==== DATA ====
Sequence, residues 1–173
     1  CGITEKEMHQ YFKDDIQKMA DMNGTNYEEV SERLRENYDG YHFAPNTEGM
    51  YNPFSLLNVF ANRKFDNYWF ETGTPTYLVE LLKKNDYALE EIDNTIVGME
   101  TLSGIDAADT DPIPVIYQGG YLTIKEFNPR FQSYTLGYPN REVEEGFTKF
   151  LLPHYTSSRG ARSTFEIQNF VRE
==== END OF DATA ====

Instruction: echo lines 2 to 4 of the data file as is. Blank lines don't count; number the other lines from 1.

     1  CGITEKEMHQ YFKDDIQKMA DMNGTNYEEV SERLRENYDG YHFAPNTEGM
    51  YNPFSLLNVF ANRKFDNYWF ETGTPTYLVE LLKKNDYALE EIDNTIVGME
   101  TLSGIDAADT DPIPVIYQGG YLTIKEFNPR FQSYTLGYPN REVEEGFTKF